By washing and drying clothes correctly, you can extend the life of your favorite garments. You just have to know what material your clothes are made of. Here below we list the majority of the materials we use in our collections - and how to wash and dry these garments to keep their shape and color as long as possible.
A lot of laundry advice is fairly general, that is, it can be applied to all garments made of the same material. However, it is important to pay attention and always double-check the washing tag on each piece of clothing before washing it - otherwise, you risk the garment shrinking or losing color.
Other general advice is to use liquid detergent which is both gentler on the environment and the garments. Always close all zippers, never use bleach, and preferably wash garments inside and out.
Today, both detergents and washing machines are so good that clothes get completely clean even at low temperatures.
Wool is a durable material that rarely needs to be washed. It is usually enough to air the garment for it to feel fresh again! Wool fiber itself is naturally antibacterial, which is one of the reasons why it does not need to be washed very often. If, however, your wool garments get stains, it is of course fine to wash them in the washing machine. But choose a gentle washing program such as hand wash or special wool programs. The best and gentlest way to dry wool clothes is to dry them flat, preferably on a dry towel.
Lyocell is a material that resembles silk and should therefore be handled carefully, to last as long as possible. As lyocell can be sensitive to high temperatures, we recommend the cold hand wash program or the wool program on the washing machine for our garments in TENCEL™ Lyocell - a laundry bag is also recommended. Our garments in TENCEL™ Lyocell should not be tumble-dried but can be ironed (inside out) at a low temperature.
Hemp is one of the most versatile and durable materials and acts like a cotton garment when it comes to shrinkage etc. It should be washed carefully, at 30° C. Then hang dry the garment.
To extend the life of your polyester garments, we recommend that they be washed on a gentle program at 40° C. The garments should not be bleached, dry-cleaned, or ironed - but can be tumble-dried at a low temperature. The best is, of course, to dry the clothes on the floor or hang them dry. We also recommend using a "guppy friend" to catch any microplastics.
Cotton garments are washed at a 'normal' washing program at 30° C. The clothes should not be bleached, dry-cleaned, or tumble-dried - but can be ironed at a low temperature. For cotton clothing with difficult stains or underwear, it is fine to wash at slightly higher temperatures, but the higher the temperature, the greater the risk of the garments losing their shape.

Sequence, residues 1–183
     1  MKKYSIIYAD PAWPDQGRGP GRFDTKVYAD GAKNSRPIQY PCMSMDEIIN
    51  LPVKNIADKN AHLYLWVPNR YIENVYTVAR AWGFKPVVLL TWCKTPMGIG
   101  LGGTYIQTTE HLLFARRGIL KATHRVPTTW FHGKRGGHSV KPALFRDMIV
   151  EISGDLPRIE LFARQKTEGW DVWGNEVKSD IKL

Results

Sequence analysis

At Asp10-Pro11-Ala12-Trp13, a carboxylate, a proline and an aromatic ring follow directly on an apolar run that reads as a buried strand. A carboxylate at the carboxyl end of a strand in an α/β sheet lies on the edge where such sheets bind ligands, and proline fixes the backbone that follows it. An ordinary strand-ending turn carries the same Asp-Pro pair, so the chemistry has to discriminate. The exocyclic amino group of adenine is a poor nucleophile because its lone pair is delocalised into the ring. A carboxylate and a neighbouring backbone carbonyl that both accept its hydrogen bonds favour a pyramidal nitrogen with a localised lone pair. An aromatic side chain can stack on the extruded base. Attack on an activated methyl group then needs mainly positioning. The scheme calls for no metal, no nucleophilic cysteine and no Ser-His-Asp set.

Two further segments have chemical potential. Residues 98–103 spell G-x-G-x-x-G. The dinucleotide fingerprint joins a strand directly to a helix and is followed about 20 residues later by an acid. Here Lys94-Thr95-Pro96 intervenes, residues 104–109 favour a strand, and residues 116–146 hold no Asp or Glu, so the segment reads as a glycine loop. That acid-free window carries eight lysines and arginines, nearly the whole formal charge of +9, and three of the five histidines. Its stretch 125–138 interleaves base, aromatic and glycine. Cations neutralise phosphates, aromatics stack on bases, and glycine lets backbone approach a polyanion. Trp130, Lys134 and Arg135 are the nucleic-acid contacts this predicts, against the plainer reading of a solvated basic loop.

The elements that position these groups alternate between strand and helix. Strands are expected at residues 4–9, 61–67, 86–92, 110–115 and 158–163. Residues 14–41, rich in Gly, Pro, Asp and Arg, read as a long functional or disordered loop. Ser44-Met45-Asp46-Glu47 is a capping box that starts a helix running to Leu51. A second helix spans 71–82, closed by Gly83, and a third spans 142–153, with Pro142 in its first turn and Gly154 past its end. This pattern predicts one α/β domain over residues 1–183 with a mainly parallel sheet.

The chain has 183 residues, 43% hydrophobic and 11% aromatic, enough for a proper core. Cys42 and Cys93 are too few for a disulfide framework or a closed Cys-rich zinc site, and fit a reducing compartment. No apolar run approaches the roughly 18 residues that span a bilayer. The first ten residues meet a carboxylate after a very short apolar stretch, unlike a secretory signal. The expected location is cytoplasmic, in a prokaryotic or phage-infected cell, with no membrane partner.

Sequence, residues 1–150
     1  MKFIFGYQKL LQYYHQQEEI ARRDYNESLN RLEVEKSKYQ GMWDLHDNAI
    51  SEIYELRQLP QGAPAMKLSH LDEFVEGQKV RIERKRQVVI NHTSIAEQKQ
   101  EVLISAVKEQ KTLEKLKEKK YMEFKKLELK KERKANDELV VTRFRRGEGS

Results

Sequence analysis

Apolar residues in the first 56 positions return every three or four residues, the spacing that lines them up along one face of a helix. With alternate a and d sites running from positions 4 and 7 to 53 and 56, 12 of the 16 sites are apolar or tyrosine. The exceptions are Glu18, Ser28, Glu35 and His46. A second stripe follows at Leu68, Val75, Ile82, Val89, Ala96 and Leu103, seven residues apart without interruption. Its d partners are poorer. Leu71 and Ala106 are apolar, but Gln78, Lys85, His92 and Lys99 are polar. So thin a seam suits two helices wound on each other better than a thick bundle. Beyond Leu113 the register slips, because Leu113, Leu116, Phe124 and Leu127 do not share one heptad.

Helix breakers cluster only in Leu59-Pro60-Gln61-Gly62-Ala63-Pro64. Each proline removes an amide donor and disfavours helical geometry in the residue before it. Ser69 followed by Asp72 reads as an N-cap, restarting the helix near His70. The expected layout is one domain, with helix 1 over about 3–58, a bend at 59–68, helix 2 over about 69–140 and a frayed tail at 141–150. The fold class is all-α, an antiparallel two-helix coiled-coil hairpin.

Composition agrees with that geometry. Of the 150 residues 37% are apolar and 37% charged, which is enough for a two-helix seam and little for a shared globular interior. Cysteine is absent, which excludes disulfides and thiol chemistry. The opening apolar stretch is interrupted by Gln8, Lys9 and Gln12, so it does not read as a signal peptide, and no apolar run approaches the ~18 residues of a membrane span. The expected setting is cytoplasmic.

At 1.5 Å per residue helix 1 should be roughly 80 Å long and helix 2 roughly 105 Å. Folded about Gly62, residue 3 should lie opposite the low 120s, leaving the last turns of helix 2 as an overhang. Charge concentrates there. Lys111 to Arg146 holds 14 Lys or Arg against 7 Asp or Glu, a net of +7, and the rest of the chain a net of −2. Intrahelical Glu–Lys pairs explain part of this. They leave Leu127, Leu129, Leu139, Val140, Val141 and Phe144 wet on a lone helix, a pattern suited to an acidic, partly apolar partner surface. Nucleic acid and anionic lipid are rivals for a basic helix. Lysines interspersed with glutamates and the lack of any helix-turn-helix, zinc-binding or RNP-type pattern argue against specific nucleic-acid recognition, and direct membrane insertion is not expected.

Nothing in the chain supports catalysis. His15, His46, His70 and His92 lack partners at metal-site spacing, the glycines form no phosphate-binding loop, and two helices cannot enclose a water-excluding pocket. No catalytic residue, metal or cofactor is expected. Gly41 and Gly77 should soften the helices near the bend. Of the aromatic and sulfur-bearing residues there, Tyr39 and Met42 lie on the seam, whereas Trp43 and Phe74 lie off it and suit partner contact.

Frequently asked questions
How do I wash knitted sweaters?
Depending on the material the sweater is made of, the washing instructions differ, but in general, we recommend all hand-wash programs for our coarsely knitted garments. There are special wool programs for knitted wool sweaters. Regardless of the material, a knitted garment should always be flat-dried, otherwise, the garment may lose its shape and hang out.
How do I wash outerwear?
Since there are different varieties of outerwear, there are therefore different guidelines for how to wash these. Padded winter jackets are often washed on low heat (delicate wash or 40° C) and tumble-dried at a low temperature, while woolen coats are hand-washed cold and dried flat. It all depends on the material the garment is made of - so don't forget to check what it says on the label!
How should I think about fabric softener?
The general perception of fabric softener is that it softens clothes and removes static electricity – and that sounds good, right? In our opinion, however, fabric softener is a big no-no, as it is unnecessary. Fabric softeners wear out our clothes, deteriorate their quality, and often contain perfumes and harmful substances that are bad for both people and the environment.
We always advise against fabric softeners on our washing advice!
How do I remove the sweat smell from jackets?
A common housewives' trick to remove sweat smell from jackets is to use one thing you often find in the pantry: vinegar. Mix it with water and pour it into an empty spray bottle. Then spray the areas you think smell bad and then wash as usual (according to the clothes' washing instructions, of course). Some suggest pre-washing the clothes in a bucket or similar filled with water and vinegar, but since we want to avoid using more water than necessary, we recommend the spray bottle.
How do I remove the smoke smell from jackets?
Removing smoke odors from jackets and other clothing is not as difficult as it may sound. Here, too, you can use vinegar and wash the garment by hand, alternatively spray the garment and then let it air dry. Remember not to spray too much or too close to the garment as vinegar tends to bleach textiles. A good way to prepare the garment is to hang it out for a while before you wash or spray it, this way you've hopefully gotten rid of the worst of the smell.